Introduction The e-commerce has transformed the way business is done in India. The Indian e-commerce market is expected to grow to US$ 200 billion by 2026 from US$ 38.5 billion as of 2017. Much growth of the industry has been triggered by increasing internet and smartphone penetration. The ongoing digital transformation in the country is expected to increase India’s total internet user base to 829 million by 2021 from 560.01 million as of September 2018. India’s internet economy is expected to double from US$125 billion as of April 2017 to US$ 250 billion by 2020, majorly backed by ecommerce. India’s E-commerce revenue is expected to jump from US$ 39 billion in 2017 to US$ 120 billion in 2020, growing at an annual rate of 51 per cent, the highest in the world. Market Size Propelled by rising smartphone penetration, the launch of 4G networks and increasing consumer wealth, the Indian e-commerce market is expected to grow to US$ 200 billion by 2026 from US$ 38.5 billion in 2017 Online retail sales in India are expected to grow by 31 per cent to touch US$ 32.70 billion in 2018, led by Flipkart, Amazon India and Paytm Mall. During 2018, electronics is currently the biggest contributor to online retail sales in India with a share of 48 per cent, followed closely by apparel at 29 per cent. Investments/ Developments Some of the major developments in the Indian e-commerce sector are as follows: Flipkart, after getting acquired by Walmart for US$ 16 billion, is expected to launch more offline retail stores in India to promote private labels in segments such as fashion and electronics. In September 2018, Flipkart acquired Israel based analytics start-up Upstream Commerce that will help the firm to price and position its products in an efficient way. Paytm has launched its bank - Paytm Payment Bank. Paytm bank is India's first bank with zero charges on online transactions, no minimum balance requirement and free virtual debit card As of June 2018, Google is also planning to enter into the E-commerce space by November 2018. India is expected to be its first market. E-commerce industry in India witnessed 21 private equity and venture capital deals worth US$ 2.1 billion in 2017 and 40 deals worth US$ 1,129 million in the first half of 2018. Google and Tata Trust have collaborated for the project ‘Internet Saathi’ to improve internet penetration among rural women in India Government initiatives Since 2014, the Government of India has announced various initiatives namely, Digital India, Make in India, Start-up India, Skill India and Innovation Fund. The timely and effective implementation of such programs will likely support the e-commerce growth in the country. Some of the major initiatives taken by the government to promote the e-commerce sector in India are as follows: In order to increase the participation of foreign players in the e-commerce field, the Indian Government hiked the limit of foreign direct investment (FDI) in the E-commerce marketplace model for up to 100 per cent (in B2B models). In the Union Budget of 2018-19, government has allocated Rs 8,000 crore (US$ 1.24 billion) to BharatNet Project, to provide broadband services to 150,000 gram panchayats As of August 2018, the government is working on the second draft of e-commerce policy, incorporating inputs from various industry stakeholders. Achievements Following are the achievements of the government in the past four years: Under the Digital India movement, government launched various initiatives like Udaan, Umang, Start-up India Portal etc. Under the project ‘Internet Saathi’, the government has influenced over 16 million women in India and reached 166,000 villages Udaan, a B2B online trade platform that connect small and medium size manufacturers and wholesalers with online retailers and also provide them logistics, payments and technology support, has sellers in over 80 cities of India and delivers to over 500 cities. According to the UN’s eGovernance index, India has jumped 11 positions to 107 in 2016 from 2018 in 2014. The government introduced Bharat Interface for Money (BHIM), a simple mobile based platform for digital payments. Road Ahead The e-commerce industry been directly impacting the micro, small & medium enterprises (MSME) in India by providing means of financing, technology and training and has a favourable cascading effect on other industries as well. The Indian e-commerce industry has been on an upward growth trajectory and is expected to surpass the US to become the second largest e-commerce market in the world by 2034. Technology enabled innovations like digital payments, hyper-local logistics, analytics driven customer engagement and digital advertisements will likely support the growth in the sector. The growth in e-commerce sector will also boost employment, increase revenues from export, increase tax collection by ex-chequers, and provide better products and services to customers in the long-term.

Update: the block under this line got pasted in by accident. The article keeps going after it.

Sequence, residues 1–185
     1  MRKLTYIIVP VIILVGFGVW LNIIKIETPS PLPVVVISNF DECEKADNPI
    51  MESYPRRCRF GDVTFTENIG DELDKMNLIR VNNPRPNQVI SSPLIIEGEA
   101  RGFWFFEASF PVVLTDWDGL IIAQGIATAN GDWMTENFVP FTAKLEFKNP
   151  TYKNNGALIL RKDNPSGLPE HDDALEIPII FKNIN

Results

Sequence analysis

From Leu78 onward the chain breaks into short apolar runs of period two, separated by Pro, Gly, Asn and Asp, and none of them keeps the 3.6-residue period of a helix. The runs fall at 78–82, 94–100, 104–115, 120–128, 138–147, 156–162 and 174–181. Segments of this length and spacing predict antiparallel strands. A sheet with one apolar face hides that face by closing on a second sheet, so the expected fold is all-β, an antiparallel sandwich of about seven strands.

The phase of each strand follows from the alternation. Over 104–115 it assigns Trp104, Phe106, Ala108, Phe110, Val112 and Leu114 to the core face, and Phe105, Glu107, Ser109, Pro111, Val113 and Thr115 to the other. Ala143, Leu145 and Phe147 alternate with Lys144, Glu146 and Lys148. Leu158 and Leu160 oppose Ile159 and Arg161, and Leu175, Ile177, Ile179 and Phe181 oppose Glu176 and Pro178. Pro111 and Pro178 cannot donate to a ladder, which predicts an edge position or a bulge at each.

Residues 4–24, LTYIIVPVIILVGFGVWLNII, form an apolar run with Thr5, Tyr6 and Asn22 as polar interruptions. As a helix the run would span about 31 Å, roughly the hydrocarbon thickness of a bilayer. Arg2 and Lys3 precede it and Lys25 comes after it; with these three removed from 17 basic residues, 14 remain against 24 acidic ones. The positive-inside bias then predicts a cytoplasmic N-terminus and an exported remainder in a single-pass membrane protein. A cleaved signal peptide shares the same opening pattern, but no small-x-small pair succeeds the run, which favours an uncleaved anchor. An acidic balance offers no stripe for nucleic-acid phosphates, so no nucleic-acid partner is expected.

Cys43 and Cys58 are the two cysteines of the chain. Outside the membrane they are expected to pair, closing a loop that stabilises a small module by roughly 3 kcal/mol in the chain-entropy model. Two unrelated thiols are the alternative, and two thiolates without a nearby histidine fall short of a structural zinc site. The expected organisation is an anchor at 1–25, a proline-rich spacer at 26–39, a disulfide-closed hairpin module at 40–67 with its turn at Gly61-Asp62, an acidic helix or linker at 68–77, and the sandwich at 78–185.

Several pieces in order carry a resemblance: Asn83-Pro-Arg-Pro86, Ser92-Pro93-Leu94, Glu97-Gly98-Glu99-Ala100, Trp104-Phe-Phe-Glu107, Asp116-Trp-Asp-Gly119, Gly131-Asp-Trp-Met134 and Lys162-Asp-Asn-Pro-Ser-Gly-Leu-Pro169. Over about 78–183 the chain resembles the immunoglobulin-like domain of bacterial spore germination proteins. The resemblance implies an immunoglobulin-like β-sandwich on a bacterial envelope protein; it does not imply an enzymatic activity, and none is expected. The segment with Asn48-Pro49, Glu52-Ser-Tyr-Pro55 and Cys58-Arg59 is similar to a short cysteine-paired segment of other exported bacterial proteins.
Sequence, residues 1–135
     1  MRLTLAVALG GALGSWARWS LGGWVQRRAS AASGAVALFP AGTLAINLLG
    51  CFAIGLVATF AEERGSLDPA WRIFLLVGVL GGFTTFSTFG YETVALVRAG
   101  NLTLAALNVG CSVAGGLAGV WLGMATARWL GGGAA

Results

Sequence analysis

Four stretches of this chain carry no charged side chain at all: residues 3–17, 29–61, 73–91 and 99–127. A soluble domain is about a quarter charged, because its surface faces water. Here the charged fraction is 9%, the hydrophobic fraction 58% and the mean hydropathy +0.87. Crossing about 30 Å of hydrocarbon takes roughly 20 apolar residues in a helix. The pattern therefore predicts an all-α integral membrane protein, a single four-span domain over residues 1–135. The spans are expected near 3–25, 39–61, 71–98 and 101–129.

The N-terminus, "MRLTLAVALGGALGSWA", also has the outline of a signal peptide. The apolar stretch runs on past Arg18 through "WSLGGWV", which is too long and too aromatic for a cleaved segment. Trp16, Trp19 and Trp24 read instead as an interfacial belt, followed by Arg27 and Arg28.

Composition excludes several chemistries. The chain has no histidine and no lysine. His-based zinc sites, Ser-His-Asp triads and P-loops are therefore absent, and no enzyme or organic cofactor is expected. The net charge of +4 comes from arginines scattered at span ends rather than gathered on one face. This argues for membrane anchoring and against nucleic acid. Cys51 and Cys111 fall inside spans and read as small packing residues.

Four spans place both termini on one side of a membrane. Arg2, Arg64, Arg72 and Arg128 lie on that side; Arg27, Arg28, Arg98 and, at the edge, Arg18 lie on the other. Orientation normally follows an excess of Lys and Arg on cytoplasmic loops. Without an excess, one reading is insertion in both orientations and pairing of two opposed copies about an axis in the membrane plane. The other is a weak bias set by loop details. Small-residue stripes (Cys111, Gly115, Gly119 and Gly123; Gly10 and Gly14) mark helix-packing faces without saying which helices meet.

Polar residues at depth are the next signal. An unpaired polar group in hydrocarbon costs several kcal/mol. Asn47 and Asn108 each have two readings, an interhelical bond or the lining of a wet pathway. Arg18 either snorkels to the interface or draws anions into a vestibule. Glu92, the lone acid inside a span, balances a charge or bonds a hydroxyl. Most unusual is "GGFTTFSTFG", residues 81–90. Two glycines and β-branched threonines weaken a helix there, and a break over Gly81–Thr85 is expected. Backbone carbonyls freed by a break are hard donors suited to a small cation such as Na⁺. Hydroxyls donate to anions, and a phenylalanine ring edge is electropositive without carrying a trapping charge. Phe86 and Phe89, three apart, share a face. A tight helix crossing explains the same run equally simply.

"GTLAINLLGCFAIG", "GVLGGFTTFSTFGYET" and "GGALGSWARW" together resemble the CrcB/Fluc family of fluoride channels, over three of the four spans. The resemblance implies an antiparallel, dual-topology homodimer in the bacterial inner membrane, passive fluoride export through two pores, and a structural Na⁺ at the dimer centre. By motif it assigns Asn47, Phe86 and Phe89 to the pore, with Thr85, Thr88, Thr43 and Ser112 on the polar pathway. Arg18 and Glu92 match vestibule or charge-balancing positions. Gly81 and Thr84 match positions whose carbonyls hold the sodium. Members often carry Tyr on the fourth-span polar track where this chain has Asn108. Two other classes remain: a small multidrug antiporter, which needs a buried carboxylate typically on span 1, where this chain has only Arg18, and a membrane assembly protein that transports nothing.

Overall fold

Manufacturing Sector in India